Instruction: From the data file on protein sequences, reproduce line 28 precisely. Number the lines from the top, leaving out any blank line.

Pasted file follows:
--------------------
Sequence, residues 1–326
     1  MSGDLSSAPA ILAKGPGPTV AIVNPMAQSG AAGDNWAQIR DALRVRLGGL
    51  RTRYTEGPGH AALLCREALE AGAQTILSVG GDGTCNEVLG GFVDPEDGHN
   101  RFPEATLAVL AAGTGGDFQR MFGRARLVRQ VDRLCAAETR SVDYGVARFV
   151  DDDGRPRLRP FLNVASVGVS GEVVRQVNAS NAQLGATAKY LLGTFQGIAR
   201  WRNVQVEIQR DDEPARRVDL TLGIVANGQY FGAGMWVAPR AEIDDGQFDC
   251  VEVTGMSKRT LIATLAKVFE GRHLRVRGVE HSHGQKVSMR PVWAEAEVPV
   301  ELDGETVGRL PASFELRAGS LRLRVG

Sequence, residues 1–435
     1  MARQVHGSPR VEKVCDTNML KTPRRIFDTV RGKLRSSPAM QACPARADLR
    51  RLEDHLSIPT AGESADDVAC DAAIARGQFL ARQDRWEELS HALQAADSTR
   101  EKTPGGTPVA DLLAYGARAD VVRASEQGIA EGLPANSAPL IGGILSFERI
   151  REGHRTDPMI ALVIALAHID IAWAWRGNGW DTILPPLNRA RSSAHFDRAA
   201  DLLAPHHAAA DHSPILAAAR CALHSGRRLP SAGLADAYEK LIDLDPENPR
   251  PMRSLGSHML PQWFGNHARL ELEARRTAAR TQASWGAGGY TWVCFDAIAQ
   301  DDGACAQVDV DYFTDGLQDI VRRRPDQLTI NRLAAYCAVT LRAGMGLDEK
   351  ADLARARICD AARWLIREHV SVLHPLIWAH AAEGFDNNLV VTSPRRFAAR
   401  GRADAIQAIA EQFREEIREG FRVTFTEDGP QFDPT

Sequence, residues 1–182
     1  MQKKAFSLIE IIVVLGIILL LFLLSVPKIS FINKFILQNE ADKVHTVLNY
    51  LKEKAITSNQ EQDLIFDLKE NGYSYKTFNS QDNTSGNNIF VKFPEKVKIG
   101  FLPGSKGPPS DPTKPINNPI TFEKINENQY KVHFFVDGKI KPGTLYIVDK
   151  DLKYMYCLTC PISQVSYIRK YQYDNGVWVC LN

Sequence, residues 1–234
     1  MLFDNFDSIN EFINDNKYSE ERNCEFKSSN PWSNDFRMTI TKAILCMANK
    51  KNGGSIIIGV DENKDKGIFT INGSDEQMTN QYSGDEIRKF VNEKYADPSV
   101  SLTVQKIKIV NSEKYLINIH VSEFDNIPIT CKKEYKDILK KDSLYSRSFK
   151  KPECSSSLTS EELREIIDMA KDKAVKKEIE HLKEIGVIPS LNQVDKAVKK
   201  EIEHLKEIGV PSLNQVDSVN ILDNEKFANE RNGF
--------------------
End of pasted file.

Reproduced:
   151  KPECSSSLTS EELREIIDMA KDKAVKKEIE HLKEIGVIPS LNQVDKAVKK